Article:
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Consumers want brands and retailers fined for fake reviews
Thu, 10th Nov 2022
FYI, this story is more than a year old

Australian consumers want brands and retailers fined for fake reviews with many wanting a fine of more than 20% of the business’ total revenue, according to a new report from Bazaarvoice.

The report explores the effect fake reviews and authenticity have on customer trust, and the subsequent actions shoppers take based on that trust. Brands and retailers need to embrace the fact that while allowing or creating fake reviews on their website may seem like an easy way to gain customers, they actually very much hurt businesses – and their bottom lines. 

“We’re well aware of the importance of UGC and the need to ensure that it is genuine and authentic,” says Nicolas Fillat, Marketing Business Leader, Customer Care and Feedback at Adeo. 

“To do this, we need a trusted third party and a partner with significant functional experience and expertise regarding reviews. Our partner Bazaarvoice comprehensively delivered on those requirements.” 

The report found that fake reviews break trust, with 52% of consumers said fake reviews make them lose trust in the brand. This loss of trust is costly, with 86% saying they would avoid using a brand again after losing trust in it, while 15% would leave a negative review, and 13% would post about the company on social media.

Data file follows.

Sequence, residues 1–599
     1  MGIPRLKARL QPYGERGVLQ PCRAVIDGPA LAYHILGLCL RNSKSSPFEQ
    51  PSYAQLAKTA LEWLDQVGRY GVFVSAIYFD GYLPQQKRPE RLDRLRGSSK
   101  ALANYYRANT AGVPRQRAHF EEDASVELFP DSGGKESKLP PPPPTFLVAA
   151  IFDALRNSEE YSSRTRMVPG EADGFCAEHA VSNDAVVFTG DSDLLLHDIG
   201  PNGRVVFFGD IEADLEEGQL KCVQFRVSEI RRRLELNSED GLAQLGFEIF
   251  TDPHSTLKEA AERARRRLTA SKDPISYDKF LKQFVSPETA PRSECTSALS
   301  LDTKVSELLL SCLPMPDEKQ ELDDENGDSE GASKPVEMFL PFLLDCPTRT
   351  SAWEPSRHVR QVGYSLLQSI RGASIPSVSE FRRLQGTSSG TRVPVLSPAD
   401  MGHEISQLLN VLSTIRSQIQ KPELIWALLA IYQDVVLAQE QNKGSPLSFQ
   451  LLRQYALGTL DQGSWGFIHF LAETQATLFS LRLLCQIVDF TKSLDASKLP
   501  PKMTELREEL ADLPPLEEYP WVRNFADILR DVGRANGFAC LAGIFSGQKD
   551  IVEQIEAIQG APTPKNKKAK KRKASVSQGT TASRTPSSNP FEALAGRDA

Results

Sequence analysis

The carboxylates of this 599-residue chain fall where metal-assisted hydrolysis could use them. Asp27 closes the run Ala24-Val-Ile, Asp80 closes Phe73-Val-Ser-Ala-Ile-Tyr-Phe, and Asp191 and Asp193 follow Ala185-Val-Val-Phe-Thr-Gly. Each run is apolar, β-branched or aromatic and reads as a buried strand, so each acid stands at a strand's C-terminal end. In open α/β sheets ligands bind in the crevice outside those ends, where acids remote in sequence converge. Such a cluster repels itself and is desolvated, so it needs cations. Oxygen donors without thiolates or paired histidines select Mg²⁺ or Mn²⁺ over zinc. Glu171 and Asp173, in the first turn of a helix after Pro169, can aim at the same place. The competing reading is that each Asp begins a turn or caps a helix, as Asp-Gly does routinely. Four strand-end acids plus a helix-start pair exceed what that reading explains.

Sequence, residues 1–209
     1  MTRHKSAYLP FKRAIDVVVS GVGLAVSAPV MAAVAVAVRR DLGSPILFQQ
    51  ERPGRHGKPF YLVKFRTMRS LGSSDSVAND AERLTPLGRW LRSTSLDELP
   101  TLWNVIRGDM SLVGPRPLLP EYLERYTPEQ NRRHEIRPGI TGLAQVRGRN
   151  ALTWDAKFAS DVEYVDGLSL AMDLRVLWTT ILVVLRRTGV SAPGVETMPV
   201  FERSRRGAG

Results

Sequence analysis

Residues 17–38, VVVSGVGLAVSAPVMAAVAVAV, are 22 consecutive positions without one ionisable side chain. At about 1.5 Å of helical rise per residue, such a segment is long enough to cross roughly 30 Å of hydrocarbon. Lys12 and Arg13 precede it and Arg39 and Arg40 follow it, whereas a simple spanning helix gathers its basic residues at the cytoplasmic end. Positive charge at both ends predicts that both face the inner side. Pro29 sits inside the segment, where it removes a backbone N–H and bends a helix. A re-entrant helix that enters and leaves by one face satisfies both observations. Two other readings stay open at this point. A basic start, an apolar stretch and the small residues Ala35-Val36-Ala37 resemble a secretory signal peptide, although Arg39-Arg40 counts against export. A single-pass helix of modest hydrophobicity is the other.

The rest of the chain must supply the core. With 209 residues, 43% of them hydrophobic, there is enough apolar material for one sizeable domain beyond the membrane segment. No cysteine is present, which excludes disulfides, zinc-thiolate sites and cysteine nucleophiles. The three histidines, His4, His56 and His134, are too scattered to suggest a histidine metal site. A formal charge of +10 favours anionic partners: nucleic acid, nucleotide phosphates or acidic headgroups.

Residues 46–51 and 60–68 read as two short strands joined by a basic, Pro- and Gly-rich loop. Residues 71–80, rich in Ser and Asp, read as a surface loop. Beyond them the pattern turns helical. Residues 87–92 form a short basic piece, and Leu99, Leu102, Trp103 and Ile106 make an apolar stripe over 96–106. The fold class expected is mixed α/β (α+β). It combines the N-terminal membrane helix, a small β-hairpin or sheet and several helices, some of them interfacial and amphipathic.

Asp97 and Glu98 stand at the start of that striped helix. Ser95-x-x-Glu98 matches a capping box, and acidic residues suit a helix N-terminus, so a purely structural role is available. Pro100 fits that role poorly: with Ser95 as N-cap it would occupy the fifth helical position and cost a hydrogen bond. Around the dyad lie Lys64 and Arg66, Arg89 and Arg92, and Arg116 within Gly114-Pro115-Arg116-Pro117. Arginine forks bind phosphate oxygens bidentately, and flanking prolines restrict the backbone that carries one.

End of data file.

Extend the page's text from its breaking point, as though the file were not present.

According to the report, one fake review spoils them all, with 76% saying that if they notice a fake review for a product on a site, it would impact their trust in reviews for other products on the same site. It spoils the sale as well: If they suspect fake reviews, 55% wouldn’t buy the product, 53% wouldn’t trust the brand, 36% wouldn’t trust other reviews, and 30% wouldn’t buy from the site.  

People actually like negative reviews, the report found. Some 84% think negative reviews are either as or more important than positive ones. 

The report found people want rules for fake reviews. Some 67% think the retail industry needs a new set of standards to combat fake reviews. They want the standards to dictate that only verified customers be able to post reviews (62%), all products be tried and tested among legitimate consumers before launch (59%), daily reviews of customer content to weed out fake reviews (45%), and websites publish the reviews process or third party they use (37%).

They want consequences, too. More than half of Aussie consumers (52%) believe businesses should be fined anywhere between 10-30% of the revenue for brands in breach of these standards.

However, most don’t know what current laws are: 53% said they have no idea what their consumer rights are when it comes to fake reviews and 40% said that they have “a little bit of information” on the topic.

When UGC is trusted, it sells, according to the report. Some 41% of Australian consumers trust UGC when used in an ad as opposed to brands advertising without UGC (29%). In fact, people just under half (43%) like to see UGC everywhere they shop online. 
“Brand trust is one of the most valuable assets on the balance sheet,” says Zarina Stanford, Bazaarvoice CMO. 

“Harnessing the power of the voice of the customer is crucial for today’s always-on commerce.  Authentically posted reviews – both positive and negative – is by far the most powerful way to utilise the voice of your customer to earn trust and purchase conversion.”